In Bellevue, the State of the City is Strong, Mayor Says
The City of Bellevue is in good shape, Mayor Ed Riehl said in a state of the city address last week.
Riehl used part of Wednesday's city council meeting for the annual task of explaining where the city is and where it's going.
"Like our logo states, Preserving Our Past and Preparing for Our Future, we must continue to strive for these two key points," said the mayor, in the second year of his second 4-year term. On preserving the assets in the community, Riehl pointed to the success of Fairfield Avenue as an entertainment and shopping district. "It is what attracts people to work, shop, play, and purchase housing to call home," he said. Meanwhile, there is work underway to stretch that success further east on Fairfield, including redevelopment of the landmark Marianne Theater, which is expected to become a brewery.
"Work continues with Hardman Group to redevelop the Marianne Theater into a viable economic driver for these blocks. Engineering is underway to finally construct a 30-plus parking space in the 100 block of Taylor to increase parking for our business district and we continue to research ways to add more," the mayor said. "A conversation and study is underway to address the Route 8 corridor not only in Bellevue but Dayton to the easy and Newport to the west with other stakeholders at the discussion table."
Riehl noted that Bellevue's housing stock is strong - a point backed up by Councilman and real estate agent Steve Guidugli who noted that young buyers are scooping up properties at prices above $200,000 regularly. "This shows," Riehl said, "that our incentive programs we have in place, rental conversion, off-street parking, and good historic preservation practices all are working to add value to our town." More housing is on the way to the development on Ross Avenue and another project by Ashley Residential is slated to begin on Fuhrman Avenue.
"But, as always, there is work to be done," the mayor said. That work includes continued exploration of the benefits of so-called land banks, the process by which governments put parcels of land together for future sale, and the addressing of troubled and problem properties in the city. "We need to work to get these distressed properties into the hands of renovators to make them tax-generating assets in Bellevue."
The mayor pointed to planned infrastructure and city services improvements like the new fire truck coming to the Bellevue-Dayton Fire Department. Covert Run's new storm water management project and the reconstruction of Lincoln Road are evidence of strengthened partnerships with other entities like Sanitation District 1, the Northern Kentucky Water District, and Duke Energy, he said.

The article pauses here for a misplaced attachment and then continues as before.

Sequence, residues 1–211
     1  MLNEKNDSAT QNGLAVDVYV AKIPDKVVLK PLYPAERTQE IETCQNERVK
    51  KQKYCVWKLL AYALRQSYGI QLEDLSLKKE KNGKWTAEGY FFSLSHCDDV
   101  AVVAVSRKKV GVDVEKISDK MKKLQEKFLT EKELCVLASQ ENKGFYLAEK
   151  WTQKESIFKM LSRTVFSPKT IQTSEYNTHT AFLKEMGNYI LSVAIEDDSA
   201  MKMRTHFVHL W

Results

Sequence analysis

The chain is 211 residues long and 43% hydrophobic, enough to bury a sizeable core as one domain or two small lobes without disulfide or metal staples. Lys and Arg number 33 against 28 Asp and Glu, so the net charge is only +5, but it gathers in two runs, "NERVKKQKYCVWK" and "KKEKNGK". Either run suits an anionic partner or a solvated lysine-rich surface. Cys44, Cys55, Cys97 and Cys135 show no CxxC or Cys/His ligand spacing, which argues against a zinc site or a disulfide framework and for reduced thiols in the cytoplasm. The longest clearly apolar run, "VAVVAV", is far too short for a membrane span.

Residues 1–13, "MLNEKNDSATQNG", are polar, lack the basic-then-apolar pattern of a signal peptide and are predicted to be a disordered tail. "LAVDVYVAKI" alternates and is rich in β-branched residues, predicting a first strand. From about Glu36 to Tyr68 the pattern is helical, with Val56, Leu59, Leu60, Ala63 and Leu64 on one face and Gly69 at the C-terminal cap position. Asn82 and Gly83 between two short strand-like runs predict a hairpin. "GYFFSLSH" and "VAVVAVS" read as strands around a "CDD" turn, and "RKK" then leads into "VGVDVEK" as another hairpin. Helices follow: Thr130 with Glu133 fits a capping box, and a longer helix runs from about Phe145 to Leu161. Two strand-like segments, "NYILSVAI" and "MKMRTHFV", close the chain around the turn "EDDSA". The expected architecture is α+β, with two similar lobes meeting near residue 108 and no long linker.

Upgrades are also planned for the city parks. "We continue to hear from our citizens on how to improve on our recreation needs and work to accomplish their goals," Riehl said. Engineering is underway to control the erosion along the river at Thomas J. Wiethorn Memorial Park and to create the pathway for Riverfront Commons, the riverfront recreational trail that will stretch across Northern Kentucky's River Cities.
The city will also continue to foster a strong relationship with Bellevue Independent Schools, he said. "Our school system is a vital piece of the puzzle that makes up Bellevue's big picture," Riehl said.
The mayor also touched on some decisions at the city building that became controversial during council meeting, such as the placement of a Red Bike station with plans for a second one to connect the city to Cincinnati's bike-share program. "Preparing for the future, we must develop a community that is walkable, bike-friendly, and is engaged about its future," Riehl said. "We must continue to research, support, and activate initiatives that will guarantee community growth in our future, some of which we have already taken steps to achieve, like planning for Riverfront Commons and bringing Red Bike to Northern Kentucky. This will make Bellevue a pedestrian bike-friendly place to visit and call home. These sometimes tough and controversial decisions we make today not only impact Bellevue today but truly set the stage for a sustainable Bellevue for the future."
Looking towards the future is what city council has done, the mayor said, when it explored and/or approved initiatives like tax increment financing (TIF) districts, energy incentives (EPAD), and to push for appropriate developments along the riverfront.
"All of us working together can and will make Bellevue the great place we call our home," Riehl said.
-Michael Monks, editor & publisher
Photo: Mayor Ed Riehl (center) completes his state of the city address (RCN)